I try to stay on top of the latest recommendations regarding natural and herbal help for those of us who are trying to lose weight. (And believe me, as a thyroid patient, I am every day engaged in the process of losing weight -- or trying to avoid gaining weight.)
This summer, I've been following The Thyroid Diet especially carefully, and have successfully taken off some extra pounds I'd picked up last winter and spring due to lazy eating. My summer shape up was going fine, but lately, my weight loss started to actually speed up to the extent that it really surprised me. (I'm usually the slow, slow, slow type who rejoices when I've lost 3/4 of a pound in a week!)
So what's the difference? I'm crediting my addition of a new supplement --fucoxanthin -- to my diet and weight loss regimen.
Fucoxanthin is derived from an edible brown kelp/seaweed known as undaria pinnatifida, and known in Japan as wakame. A Japanese study was published late last year that is especially interesting in that it shows that fucoxanthin can promote fat burning within fat cells in animals. And apparently, the type of fat most affected is "white adipose tissue" -- the kind of fat that concentrates around organs -- such as abdominal fat.
"I hope that our study [points to a way to] help reduce obesity in the U.S. and elsewhere," says study leader Kazuo Miyashita, Ph.D., a chemistry professor at Hokkaido University in Hokkaido, Japan.
According to Miyashita, the compound appears to fight fat through two different mechanisms. First, fucoxanthin appears to stimulate a protein, UCP1, that causes fat oxidation and conversion of energy to heat. The protein is found in white adipose tissue, the type of fat that surrounds internal organs. Second, fucoxanthin also appears to stimulate the liver to produce a DHA, a type of omega-3 fatty acid. DHA supplementation can, in some people, help reduce low density lipoprotein (LDL) -- the bad cholesterol. No adverse side effects from fucoxanthin were reported in the mice and rats used in the study.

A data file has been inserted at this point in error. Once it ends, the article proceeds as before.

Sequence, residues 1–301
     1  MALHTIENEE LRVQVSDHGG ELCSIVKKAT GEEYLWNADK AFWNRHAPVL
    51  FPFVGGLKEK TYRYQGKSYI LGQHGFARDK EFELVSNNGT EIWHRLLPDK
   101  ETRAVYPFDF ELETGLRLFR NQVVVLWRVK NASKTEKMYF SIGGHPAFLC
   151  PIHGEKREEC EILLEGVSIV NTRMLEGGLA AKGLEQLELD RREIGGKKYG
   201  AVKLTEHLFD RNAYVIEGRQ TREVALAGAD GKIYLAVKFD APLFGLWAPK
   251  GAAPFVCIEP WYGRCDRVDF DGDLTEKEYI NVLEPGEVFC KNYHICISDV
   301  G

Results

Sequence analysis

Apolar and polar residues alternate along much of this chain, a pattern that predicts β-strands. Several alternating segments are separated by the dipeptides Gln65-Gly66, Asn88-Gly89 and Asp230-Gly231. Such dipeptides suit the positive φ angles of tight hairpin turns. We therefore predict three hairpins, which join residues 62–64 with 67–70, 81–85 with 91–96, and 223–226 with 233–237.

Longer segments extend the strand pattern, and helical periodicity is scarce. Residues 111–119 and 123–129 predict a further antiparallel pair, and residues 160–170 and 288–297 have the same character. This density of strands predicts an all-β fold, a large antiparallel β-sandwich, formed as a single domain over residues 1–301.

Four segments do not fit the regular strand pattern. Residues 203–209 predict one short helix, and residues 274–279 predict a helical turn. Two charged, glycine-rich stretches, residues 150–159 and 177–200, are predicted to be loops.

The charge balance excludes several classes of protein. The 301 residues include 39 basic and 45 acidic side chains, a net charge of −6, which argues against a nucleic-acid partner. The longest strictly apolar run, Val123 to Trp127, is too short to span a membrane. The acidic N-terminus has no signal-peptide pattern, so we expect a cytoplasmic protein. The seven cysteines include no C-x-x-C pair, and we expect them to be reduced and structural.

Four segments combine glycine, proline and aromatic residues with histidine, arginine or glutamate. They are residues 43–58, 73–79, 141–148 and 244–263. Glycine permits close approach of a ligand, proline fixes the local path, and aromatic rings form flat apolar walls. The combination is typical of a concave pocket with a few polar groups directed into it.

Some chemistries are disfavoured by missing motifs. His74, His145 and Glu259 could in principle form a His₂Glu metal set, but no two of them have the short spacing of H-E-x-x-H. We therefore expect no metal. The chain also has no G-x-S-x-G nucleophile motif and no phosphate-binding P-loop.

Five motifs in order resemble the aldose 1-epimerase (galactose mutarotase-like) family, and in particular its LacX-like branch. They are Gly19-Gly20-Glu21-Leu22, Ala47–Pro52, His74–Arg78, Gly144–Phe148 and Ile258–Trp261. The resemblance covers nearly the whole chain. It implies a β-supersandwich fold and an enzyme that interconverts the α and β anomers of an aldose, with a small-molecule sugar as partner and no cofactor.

Usually, I rotate weight loss supplements over time and as needed. I don't take CLA, hoodia, caralluma, etc. every day, as any of them seem to lose effectiveness when taken constantly.) But lately, the only weight loss supplement I've been taking is the fucoxanthin. I've been taking it for about a month, and it truly does seem to pump up the rate of weight loss for me.
I'm using Garden of Life/Living Seas Fucothin, which is a proprietary formula of fucoxanthin that also includes pomegranate seed oil, an antioxidant and antinflammatory. You can get Fucothin at local health food stores, or get it where I buy mine, online retailer Iherb.com. They have it at a substantial discount from retail stores.) I'm taking one, three times a day. I don't notice any side effects -- except that I've been losing about a pound a week more than usual, AND my abdominal "pooch" seems to be shrinking more than usual (faster even than when I first start back on CLA.) It doesn't have any stimulant effect, so there's no buzzy, nervous feeling.
I'm sticking with this for the time being, because it really does seem to be working well. (I realize it's not scientific, but to informally see if fucoxanthin can help other thyroid patients or people trying to lose weight, if you try Fucothin, drop me a line and let me know how it's going for you, and I'll share an update about this down the line.)
Source: Maeda H, et. al. "Fucoxanthin from edible seaweed, Undaria pinnatifida, shows antiobesity effect through UCP1 expression in white adipose tissues." Biochem Biophys Res Commun. 2005 Jul 1;332(2):392-7.